Back


03 Mar 2020 09:58

AUTHOR Panagiotis

Why we Sleep, the New Science of Sleep and Dreams, Matthew Walker, Penguin Books 2018.

 

Within the space of a mere hundred years, human beings have abandoned their biologically mandated need for adequate sleep-one that evolution spent 3.400.000 years perfecting in service of life support functions. As a result, the decimation of sleep throughout industrialized nations is having a catastrophic impact on our health, our life expectancy, our safety, our productivity, and the education of our children.

This silent sleep loss epidemic is the greatest public health challenge we face in the twenty-first century in developed nations. If we wish to avoid the suffocating noose of sleep neglect, the premature death it inflicts, and the sickening health it invites, a radical shift in our personal, cultural, professional, and societal appreciation of sleep must occur.

 

It is time for us to reclaim our full right to a full night sleep, without embarrassment or the damaging stigma of laziness. In doing so, we can be reunited with that most powerful elixir of wellness and vitality, dispensed through every conceivable biological pathway. Then we may remember what it feels like to be truly awake during the day, infused with the very deepest plentitude of being.   

Airlines today are trying to manage the risks of fatigue by incorporating various tools; assessing the risks through SMS, the so-called prescriptive approach to FRM, secondly by introducing a full FRMS, and thirdly investing on bio-mathematical models. Each one of those tools cab be independently analyzed in future article. However, one needs to point that those are just tools, not the ‘Holy Grail’ of eradicating fatigue.

Fatigue is a physiological state and it can be only be in balance through acquisition of sleep. Therefore, we need to educate ourselves in acquiring the proper amount of sleep as well as the highest quality of it. Moreover, we need to get rid of misconceptions and societal biases regarding that physiological need.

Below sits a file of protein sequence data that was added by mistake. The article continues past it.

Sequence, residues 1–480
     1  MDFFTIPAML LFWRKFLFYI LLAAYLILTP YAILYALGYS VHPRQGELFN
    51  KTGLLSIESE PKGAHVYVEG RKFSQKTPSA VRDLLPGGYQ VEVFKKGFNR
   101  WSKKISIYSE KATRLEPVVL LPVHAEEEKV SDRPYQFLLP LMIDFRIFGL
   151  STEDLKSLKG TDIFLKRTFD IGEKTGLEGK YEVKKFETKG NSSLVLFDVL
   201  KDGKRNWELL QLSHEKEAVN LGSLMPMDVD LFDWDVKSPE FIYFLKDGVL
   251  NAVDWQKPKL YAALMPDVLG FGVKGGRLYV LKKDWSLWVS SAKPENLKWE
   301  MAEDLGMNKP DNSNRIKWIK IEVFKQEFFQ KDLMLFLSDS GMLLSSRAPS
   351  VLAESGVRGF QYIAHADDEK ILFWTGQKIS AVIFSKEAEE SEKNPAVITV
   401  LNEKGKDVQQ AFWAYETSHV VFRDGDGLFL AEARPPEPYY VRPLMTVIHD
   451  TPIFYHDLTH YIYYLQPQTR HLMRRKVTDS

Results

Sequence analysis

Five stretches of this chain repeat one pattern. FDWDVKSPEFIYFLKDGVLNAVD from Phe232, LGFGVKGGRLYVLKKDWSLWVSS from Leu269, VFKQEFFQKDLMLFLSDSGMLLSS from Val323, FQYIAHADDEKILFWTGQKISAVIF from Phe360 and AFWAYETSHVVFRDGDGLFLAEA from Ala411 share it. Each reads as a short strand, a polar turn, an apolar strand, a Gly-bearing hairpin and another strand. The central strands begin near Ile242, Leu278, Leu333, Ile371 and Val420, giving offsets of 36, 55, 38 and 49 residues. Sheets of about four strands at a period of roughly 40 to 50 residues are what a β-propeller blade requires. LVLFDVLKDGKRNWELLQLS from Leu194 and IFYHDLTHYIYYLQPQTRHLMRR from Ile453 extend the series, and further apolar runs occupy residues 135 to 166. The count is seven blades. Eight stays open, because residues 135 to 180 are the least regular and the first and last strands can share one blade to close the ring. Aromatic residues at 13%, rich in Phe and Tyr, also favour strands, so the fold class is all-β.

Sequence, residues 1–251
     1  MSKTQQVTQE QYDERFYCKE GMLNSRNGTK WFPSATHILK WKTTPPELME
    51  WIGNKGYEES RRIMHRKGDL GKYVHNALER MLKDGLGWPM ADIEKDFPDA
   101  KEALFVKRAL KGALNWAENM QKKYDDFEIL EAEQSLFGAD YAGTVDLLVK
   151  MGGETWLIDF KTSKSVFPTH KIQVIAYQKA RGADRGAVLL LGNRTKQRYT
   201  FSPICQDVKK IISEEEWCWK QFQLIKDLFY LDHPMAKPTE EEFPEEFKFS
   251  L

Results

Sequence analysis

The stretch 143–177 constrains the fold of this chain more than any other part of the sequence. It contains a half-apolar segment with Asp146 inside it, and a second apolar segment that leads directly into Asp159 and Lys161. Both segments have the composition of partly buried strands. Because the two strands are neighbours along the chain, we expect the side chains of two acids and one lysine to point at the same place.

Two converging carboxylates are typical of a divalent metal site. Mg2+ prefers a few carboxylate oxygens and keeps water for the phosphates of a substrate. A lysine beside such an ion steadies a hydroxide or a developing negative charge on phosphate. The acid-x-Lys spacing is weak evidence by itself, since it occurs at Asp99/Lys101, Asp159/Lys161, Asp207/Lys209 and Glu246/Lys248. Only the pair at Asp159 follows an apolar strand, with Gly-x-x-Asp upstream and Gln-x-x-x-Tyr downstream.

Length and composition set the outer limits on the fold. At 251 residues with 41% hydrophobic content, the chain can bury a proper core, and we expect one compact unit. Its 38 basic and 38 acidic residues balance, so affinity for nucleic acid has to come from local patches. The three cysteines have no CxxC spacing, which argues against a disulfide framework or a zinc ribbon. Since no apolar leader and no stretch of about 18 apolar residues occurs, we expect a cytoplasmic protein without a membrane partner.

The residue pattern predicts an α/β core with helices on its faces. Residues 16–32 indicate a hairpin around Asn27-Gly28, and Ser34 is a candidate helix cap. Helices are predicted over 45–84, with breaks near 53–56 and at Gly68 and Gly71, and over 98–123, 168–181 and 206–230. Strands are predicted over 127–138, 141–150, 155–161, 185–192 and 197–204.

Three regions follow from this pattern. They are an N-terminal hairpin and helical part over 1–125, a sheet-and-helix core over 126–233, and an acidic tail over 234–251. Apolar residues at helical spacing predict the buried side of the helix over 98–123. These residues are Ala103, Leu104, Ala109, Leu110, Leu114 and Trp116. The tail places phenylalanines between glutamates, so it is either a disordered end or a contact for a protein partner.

The challenge lies not in the material, the bibliography or in the human nature. The challenge lies with the teachers, the academics, the practitioners, with all of us. We live in the age of information, alas in an age of poor education. We need to make people crave for knowledge because it is the only way that our species may brake the bondage of biases regulating that precious physiological need. Blaming people of being lazy because they just saying that they need more sleep is an outright distortion of the natural laws. When you are hungry you eat, when sleepy you sleep, so simple.

 

In our industry, the argument goes as “yes sleep deprivation creates fatigue BUT this is how things are, we are a 24/7 operation”. It is time for us to leave behind us the ‘BUT’ and move to an ‘AND’.

Below the reader can find some tips for a healthy sleep. The reader must be also able to read and try them free of biases and ‘BUTs’, after all dear colleagues it is a matter of Safety and Health (Wellbeing)

 

 

Twelve Tips for Healthy Sleep

  1. Stick to a sleep schedule. Set an alarm for bedtime. Often we set an alarm for when it’s time to wake up but fail to do so for when it is time to go to sleep.

  2. Try to exercise not later than two to three hours before your bedtime.

  3. Avoid caffeine and nicotine.

  4. Avoid alcoholic drinks before bed.

  5. Avoid large meals and beverages late at night.

  6. If possible, avoid medicines that delay or disrupt your sleep.

  7. Do not take naps after 3 p.m .

  8. Relax before bed. A relaxing activity, such as reading or listening to music, should be part of your bedtime ritual.

  9. Take a hot bath before bed.

  10. Dark bedroom, cool bedroom, gadget-free bedroom. A TV, cell phone, or computer in the bedroom can be a distraction and deprive you of needed sleep. Turn the clock’s face out of view so you don’t worry about the time while trying to fall asleep.

  11. Have the right sunlight exposure. Daylight is key to regulating daily sleep patterns. If possible, wake up with the sun or use very bright lights in the morning.

  12. Don’t lie in bed awake. If you find yourself still awake after staying in bed for more than twenty minutes or if you are starting to feel anxious or worried, get up and do some relaxing activity until you feel sleepy. The anxiety of not being able to sleep can make it harder to fall asleep.